The Cosmic Blueprint
Throughout the history of science, there have been periods of stability during which theory seems to encompass and subdue the wonder of existence. One thinks of the long complacent periods after Aristotle or Newton. During such periods, people recognize that there is more to be learned about the universe, but they also believe that what is not known is really not more different from what is known, that the major questions have been answered in broad outline and that unexplained phenomena will ultimately fit into that outline.
Other times are chaotic. New techniques reveal new phenomena that obtrude into the popular theoretical framework, refusing to fall into the orderly litany of facts. The world suddenly seems paradoxical, uncanny. To some this new view of the world is frightening and in need of suppression; while to others, it is liberating. One thinks of Galileo’s demonstration that bodies of unequal weight fall at the same speed or that Jupiter has moons.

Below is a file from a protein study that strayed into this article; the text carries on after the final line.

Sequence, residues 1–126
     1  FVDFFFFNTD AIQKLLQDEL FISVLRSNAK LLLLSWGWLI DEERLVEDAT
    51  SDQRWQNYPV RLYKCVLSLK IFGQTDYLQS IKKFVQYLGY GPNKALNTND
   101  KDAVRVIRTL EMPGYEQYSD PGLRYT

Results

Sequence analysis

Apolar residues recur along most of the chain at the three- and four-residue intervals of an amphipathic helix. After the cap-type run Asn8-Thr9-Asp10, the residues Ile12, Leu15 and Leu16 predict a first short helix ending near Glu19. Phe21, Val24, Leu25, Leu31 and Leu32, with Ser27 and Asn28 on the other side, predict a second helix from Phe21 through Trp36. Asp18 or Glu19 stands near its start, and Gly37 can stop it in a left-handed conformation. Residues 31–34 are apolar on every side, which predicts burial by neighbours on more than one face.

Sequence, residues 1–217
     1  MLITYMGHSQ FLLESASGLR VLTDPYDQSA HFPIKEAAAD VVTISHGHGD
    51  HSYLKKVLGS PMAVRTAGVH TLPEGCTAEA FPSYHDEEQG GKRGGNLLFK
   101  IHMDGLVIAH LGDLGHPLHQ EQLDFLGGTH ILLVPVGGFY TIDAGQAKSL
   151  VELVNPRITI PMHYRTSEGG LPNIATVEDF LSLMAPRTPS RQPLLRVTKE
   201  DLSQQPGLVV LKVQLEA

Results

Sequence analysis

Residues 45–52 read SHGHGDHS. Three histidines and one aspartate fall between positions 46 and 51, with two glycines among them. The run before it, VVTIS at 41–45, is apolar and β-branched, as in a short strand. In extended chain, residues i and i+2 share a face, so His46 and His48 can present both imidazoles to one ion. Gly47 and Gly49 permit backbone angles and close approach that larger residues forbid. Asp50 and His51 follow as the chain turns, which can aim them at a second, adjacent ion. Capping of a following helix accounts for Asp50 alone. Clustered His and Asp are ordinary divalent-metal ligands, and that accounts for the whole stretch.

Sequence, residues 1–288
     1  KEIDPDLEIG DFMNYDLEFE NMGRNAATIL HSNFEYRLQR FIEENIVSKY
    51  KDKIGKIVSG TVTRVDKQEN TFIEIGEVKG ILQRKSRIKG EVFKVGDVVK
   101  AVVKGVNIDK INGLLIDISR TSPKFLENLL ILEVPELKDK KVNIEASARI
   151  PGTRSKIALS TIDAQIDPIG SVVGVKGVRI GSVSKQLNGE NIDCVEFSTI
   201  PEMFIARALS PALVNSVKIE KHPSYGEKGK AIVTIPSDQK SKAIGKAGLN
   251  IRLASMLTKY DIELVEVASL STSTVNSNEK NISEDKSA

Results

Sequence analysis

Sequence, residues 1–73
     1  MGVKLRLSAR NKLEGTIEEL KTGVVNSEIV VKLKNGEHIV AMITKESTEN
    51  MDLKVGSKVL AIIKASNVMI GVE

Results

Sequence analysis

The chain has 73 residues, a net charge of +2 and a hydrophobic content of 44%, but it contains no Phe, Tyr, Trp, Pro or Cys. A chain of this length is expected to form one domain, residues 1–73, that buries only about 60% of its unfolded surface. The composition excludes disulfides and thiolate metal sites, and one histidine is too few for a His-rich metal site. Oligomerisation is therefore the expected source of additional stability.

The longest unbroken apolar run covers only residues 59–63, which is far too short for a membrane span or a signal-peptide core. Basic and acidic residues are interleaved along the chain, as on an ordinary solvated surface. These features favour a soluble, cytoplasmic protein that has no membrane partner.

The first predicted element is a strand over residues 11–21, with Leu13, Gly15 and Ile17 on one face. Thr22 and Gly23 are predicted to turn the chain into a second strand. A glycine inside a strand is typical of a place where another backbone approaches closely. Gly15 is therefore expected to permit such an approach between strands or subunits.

Paul Davies’ THE COSMIC BLUEPRINT suggests that modern science is entering a new, chaotic phase which will bring into question some of the basic assumptions of scientific methodology. In a fascinating tour of such seemingly disparate phenomena as cellular automata, fractal geometry, video feedback, neuroscience, and artificial intelligence, Davies shows how the nineteenth century idea of a comfortably predictable clockwork universe, already stretched out of shape by the theory of...
(The entire section is 497 words.)